Whether it’s teaching, researching, practising or a mix of all three, Academic pharmacists enjoy exciting careers in universities, research institutes and other organisations throughout the world.
Academic pharmacists educate, train, assess and develop pharmacy students, pre-registration trainees, pharmacists and other healthcare professionals. You will use and apply your pharmacy knowledge and expertise to teach the next generation of pharmacists through a variety of teaching methods. Working alongside the wider educational team, you will update the degree programme and develop learning material to reflect changes in education and practice. Academics also offer general support to students and are often viewed as role models and mentors.
Teacher practitioners have a split role, spending on average around 60% of their time working in hospital, community or industrial pharmacy and 40% of the time as a lecturer.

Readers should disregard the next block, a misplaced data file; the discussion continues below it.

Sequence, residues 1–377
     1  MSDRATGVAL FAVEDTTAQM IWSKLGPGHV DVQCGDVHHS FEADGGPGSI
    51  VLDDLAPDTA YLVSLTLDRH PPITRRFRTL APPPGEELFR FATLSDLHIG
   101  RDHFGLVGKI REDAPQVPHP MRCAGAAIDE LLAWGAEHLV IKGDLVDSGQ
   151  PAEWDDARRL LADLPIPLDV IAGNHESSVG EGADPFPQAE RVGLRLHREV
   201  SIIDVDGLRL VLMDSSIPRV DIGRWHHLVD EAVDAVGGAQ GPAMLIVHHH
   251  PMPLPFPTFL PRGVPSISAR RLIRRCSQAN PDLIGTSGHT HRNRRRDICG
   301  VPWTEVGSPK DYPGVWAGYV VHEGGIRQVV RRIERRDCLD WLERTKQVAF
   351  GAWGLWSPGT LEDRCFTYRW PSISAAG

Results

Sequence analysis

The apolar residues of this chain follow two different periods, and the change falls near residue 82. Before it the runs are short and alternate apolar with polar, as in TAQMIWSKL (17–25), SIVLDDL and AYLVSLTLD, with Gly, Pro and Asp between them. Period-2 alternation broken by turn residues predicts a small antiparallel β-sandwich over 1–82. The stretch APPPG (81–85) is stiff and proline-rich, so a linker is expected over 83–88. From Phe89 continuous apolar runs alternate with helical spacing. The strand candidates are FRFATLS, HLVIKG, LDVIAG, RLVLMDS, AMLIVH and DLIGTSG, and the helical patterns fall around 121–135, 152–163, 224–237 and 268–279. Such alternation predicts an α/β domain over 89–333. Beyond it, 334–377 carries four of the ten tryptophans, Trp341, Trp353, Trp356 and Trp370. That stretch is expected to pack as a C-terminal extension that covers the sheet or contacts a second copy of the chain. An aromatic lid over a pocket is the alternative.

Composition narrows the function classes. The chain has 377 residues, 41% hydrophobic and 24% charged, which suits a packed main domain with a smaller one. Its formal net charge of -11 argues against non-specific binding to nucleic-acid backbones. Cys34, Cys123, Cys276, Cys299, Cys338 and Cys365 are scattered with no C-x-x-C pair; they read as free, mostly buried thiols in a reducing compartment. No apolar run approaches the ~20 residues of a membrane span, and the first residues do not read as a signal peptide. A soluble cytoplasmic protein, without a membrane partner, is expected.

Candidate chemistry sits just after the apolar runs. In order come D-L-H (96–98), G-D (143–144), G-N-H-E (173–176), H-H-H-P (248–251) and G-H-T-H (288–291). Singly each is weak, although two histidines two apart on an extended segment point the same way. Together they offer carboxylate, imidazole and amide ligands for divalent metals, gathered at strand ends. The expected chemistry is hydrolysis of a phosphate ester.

Academic pharmacists are also thought of as researchers, as the role usually involves conducting some form of research, e.g. in a science based area of practice, drug design or pharmacy services. You will collect evidence, analyse it and use this data to make improvements to medicines and patient’s health. You will be thought of as an expert.
Clinical Academic Roles
Clinical academic pharmacy combines a clinical role with a research role, bringing together the advantages of both roles.
You will work in a traditional clinical setting, e.g. hospital or community pharmacy, developing your clinical skills, and will be undertaking research at the same time. Your research will usually contribute to your day to day practice and will have an impact on patient care.
There are many paths that can be taken to establishing a clinical academic career, one of which is the HEE/NIHR Clinical Academic Programme for non-medical professionals (ICAP) which has recently become available in England. There is not currently an equivalent scheme in Scotland or Wales.
Funding awards will usually cover your salary, fees and expenses incurred whilst you are training and conducting your research.